GenPipes Writing Style Guide

How do we make it really easy and simple for GenPipes users to adopt GenPipes?

The very basic ingredient is GenPipes itself. It needs to be flexible, scalable, intuitive, easy to deploy and quick to gather information insights. Besides that, one of the key enablers towards facilitating GenPipes onboarding is its user documentation that satisfies the following criteria:

  • Concise,

  • Current & Continuously updated,

  • Consistent,

  • Clear, and

  • Comprehensive

This Writing Style guide is inspired by Google Style Guide which is adopted by several open source projects out there. Besides that, there are other references such as API Documentation Guide, and Best REST API Template. These are in use by many projects and many engineers, who collaborate globally to create world class software and documentation, used across verticals and industries. As of writing this, GenPipes does not provide API interfaces yet. It only provides executable that can be invoked to run various genomic pipelines.

Goals and Audience

This guide is intended to help GenPipes technical writers to form a consistent approach for writing its documentation.

The primary goal of this guide is to codify and record decisions that Google’s Developer Relations group makes about style. The guide can help you avoid making decisions about the same issue over and over, can provide editorial assistance on structuring and writing your documentation, and can help you keep your documentation consistent with our other documentation.

How to use this Guide

This guide is a reference document. You can choose to read it linearly or look up specific issue or topic using the search box.

For issues not covered in this guide, see Google Style Guide or Other Style Guides.

Restructured Text Style Guide

You may also want to refer to some of the ‘coding’ standards applied to documentation files developed using Sphinx automation engine and Restructured Text formal. See Sphinx Documentation Style Guide for details.

Documentation Do’s




Most of the principles that apply to good technical documentation also apply to accessible technical documentation:

  • Use correct grammar and punctuation.

  • Use active voice and present tense.

  • Write clear, simple sentences.

  • Be consistent.


Include screenshots! Users find screenshots very helpful, particularly annotated screenshots. When using screenshots as figures, remember to circle the relevant buttons, add arrows pointing out mentioned links, or highlight key sections.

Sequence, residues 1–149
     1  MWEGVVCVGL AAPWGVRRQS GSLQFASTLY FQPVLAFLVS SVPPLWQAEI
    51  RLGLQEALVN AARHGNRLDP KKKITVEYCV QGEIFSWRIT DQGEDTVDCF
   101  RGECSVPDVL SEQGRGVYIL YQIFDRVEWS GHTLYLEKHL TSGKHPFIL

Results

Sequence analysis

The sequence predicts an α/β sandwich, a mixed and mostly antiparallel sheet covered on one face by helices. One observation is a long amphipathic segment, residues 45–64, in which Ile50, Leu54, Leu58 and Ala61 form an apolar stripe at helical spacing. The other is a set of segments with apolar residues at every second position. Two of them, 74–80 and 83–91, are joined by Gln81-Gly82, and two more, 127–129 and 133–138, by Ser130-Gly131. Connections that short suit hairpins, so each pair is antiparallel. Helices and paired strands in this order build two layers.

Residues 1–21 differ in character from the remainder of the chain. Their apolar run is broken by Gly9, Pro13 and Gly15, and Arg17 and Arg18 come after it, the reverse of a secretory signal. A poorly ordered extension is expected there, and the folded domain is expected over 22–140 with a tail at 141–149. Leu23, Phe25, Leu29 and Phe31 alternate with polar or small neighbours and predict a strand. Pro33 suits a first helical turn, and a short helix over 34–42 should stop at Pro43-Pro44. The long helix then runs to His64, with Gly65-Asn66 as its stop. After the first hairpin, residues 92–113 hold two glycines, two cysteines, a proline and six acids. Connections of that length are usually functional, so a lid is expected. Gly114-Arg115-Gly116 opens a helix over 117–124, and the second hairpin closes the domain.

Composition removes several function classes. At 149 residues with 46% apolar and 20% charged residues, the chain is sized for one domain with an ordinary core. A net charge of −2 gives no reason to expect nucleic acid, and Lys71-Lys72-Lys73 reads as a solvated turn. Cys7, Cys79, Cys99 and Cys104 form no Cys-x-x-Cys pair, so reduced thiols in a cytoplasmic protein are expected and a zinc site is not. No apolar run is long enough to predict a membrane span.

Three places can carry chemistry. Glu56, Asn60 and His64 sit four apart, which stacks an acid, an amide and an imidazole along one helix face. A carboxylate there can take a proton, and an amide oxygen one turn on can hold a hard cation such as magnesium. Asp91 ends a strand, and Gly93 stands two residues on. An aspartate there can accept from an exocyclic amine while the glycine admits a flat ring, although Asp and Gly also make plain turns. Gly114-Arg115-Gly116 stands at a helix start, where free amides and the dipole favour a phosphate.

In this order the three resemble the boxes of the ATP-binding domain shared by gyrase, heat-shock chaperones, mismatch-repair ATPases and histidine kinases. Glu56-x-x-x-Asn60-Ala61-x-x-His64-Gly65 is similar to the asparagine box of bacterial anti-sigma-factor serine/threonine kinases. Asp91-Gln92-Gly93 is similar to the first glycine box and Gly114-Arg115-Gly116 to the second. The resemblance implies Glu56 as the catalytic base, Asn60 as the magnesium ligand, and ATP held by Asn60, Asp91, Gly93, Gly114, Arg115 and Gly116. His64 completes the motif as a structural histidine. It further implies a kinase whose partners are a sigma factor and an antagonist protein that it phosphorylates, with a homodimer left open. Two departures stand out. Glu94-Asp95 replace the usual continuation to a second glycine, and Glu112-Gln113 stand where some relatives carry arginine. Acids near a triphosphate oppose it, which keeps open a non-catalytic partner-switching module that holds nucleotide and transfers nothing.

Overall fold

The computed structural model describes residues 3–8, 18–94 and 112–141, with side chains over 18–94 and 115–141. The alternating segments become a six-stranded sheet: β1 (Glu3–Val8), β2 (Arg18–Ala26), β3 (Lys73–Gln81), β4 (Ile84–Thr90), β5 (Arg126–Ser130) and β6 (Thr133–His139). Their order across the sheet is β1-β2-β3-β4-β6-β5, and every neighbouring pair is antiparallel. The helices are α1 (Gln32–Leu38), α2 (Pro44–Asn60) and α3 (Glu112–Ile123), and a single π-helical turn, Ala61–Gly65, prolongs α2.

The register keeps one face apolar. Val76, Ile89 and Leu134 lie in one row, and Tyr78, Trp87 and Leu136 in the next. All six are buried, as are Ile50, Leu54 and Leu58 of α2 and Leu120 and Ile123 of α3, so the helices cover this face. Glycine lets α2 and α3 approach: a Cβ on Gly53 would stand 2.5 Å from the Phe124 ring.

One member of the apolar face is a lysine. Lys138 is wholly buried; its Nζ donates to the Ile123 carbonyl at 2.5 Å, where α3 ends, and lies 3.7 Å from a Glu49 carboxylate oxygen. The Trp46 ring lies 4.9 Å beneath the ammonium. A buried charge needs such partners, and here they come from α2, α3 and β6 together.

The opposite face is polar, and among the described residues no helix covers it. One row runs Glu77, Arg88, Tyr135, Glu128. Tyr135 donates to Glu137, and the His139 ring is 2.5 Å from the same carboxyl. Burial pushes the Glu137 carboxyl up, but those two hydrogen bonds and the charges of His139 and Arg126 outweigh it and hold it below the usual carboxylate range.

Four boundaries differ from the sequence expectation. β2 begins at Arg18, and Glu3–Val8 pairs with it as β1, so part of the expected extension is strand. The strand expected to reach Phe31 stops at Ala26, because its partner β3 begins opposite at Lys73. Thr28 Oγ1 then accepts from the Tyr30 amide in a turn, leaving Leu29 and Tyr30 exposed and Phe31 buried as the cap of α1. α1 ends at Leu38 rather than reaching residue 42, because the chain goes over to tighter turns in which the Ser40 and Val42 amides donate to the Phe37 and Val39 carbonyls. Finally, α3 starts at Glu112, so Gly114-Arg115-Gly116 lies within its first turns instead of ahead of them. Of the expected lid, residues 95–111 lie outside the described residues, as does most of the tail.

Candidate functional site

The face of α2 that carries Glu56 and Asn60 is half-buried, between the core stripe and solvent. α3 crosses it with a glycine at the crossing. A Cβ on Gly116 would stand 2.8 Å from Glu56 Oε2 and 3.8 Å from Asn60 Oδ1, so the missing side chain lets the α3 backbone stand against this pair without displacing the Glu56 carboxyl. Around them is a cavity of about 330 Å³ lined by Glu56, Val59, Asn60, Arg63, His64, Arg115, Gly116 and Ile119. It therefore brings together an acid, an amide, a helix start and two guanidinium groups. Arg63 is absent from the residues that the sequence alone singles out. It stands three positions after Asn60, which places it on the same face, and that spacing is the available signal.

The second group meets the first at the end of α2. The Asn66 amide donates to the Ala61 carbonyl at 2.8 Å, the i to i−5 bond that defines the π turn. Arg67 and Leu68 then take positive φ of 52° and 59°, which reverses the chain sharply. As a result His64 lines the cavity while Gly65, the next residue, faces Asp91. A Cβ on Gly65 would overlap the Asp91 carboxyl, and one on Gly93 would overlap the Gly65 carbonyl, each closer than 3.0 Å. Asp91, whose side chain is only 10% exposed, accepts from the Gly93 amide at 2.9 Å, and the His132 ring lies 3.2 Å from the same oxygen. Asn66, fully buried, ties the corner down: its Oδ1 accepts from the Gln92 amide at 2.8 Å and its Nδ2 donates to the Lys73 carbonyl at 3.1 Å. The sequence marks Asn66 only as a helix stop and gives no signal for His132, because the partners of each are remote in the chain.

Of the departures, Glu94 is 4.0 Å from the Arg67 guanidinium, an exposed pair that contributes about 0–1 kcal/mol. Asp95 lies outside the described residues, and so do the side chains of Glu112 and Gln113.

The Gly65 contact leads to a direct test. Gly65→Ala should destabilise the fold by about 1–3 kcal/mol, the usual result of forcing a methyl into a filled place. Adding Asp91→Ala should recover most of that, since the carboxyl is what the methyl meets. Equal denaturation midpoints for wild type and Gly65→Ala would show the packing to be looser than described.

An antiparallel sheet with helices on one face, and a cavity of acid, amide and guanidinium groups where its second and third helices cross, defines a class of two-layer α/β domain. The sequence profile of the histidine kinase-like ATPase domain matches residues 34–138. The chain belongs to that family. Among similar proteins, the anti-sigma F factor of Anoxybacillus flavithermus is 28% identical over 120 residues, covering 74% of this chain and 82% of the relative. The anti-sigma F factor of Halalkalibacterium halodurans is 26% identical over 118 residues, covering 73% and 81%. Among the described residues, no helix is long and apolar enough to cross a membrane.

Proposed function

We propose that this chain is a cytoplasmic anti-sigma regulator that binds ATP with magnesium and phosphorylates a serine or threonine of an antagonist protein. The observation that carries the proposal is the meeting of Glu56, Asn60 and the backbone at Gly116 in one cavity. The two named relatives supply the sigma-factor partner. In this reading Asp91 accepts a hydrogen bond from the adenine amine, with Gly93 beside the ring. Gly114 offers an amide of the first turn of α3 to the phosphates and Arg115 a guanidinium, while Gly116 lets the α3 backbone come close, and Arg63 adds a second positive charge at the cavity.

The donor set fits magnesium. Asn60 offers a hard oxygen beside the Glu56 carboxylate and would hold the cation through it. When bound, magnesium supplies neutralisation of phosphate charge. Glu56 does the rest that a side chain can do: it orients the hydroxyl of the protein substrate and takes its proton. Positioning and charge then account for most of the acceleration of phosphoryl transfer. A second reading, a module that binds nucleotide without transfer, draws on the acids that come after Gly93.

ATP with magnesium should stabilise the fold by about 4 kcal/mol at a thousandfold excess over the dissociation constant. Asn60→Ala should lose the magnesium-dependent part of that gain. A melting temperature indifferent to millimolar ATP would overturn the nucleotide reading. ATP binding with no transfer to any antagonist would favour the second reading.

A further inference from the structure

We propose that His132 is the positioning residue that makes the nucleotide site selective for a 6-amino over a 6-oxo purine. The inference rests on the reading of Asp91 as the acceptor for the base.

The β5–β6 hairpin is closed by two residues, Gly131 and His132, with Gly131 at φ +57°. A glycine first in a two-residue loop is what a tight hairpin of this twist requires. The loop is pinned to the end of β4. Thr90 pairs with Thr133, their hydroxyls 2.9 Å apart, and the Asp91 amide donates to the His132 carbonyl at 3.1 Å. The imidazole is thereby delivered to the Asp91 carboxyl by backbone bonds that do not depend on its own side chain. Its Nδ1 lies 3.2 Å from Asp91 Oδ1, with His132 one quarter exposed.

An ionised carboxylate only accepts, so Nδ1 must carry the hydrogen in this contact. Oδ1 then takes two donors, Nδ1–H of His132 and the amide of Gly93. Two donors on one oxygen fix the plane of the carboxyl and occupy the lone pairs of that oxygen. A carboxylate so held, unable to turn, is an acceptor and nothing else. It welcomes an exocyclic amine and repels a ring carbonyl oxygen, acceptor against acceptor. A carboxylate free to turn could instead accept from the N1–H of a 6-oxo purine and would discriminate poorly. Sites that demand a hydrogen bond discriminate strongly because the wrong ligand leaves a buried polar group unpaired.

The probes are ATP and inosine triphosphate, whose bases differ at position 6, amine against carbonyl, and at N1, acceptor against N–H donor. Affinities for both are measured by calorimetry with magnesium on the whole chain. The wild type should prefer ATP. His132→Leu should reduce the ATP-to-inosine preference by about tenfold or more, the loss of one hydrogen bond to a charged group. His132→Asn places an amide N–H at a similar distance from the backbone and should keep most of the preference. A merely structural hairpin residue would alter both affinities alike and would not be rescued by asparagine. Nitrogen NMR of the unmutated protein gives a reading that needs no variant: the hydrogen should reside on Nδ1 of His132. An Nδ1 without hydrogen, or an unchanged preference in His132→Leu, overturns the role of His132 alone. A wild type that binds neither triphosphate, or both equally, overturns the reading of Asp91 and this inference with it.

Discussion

Common norms

Spell out numbers nine and under. Use numerals for 10 and up.

Common norms

Use comma before “and” in a list of several items. For example: “This theme is elegant, simple, and easy to use.”

Shared doc development norm

Do not delete, move or rename any document, page or topic which you do not own or did not create. Discuss and review as there may be cascading impact and changes required to be done for the same. Collaborate on such wide impact documentation changes.

Cross referencing common norm

Be aware that the content of some pages is included in other pages. Make sure you put your content in the right place, if it is cross referenced multiple times and also across guides. Follow similar principles just as in source code common files and function norms. This applies in particular to the Concepts and Usage Guide, FAQ, SDK API documentation.

Document Consistency

If you are inserting a topic in an already existing piece of content, say a page or in a new section, ensure that you follow a consistent style, layout, grammar and format with the rest of the page.

Documentation Do not’s



No Cryptic


Avoid the use of Buzzwords. When you use any acronym, expand it for first time use, with acronym in brackets. For subsequent use, acronym is fine.

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No Complicated Language

No long sentences. Think of the twitter 140 characters generation. Avoid choppy sentences.


Think of your audience

Compare the first paragraph below to the second in terms of complexity.
  • When you write, imagine you speaking these very same words as if you were saying these to someone in a conference call or Webinar where no real real time clarification or feedback is possible by those who’d read it and try to understand what you wrote at a later point in time.

  • When you write, imagine your audience reading what you write, at a later point in time. Face to face conversation allow the luxury of real-time clarifications, additional cues via facial expressions and tone. Written word is more powerful and could be confusing as it lacks that luxury.

Avoid Repetition

Use of repetitive phrases such as ‘To do’, or ‘Here is’, or “You can” at the start of each sentence is detrimental to reader attention.

Enterprise Focus

Avoid current pop-culture references.

Appropriate Language

No Jokes at the expense of customers, competitors or anyone else for that matter.

Spoiler Alert

Avoid trying to document or talk about future features or solutions or products or enhancements, even in innocuous ways.


Avoid the modal verbs such as could, may, might, and should in technical documentation. Modal verbs are ambiguous and leave the reader wondering what to do. For details, visit Modal Style Guide.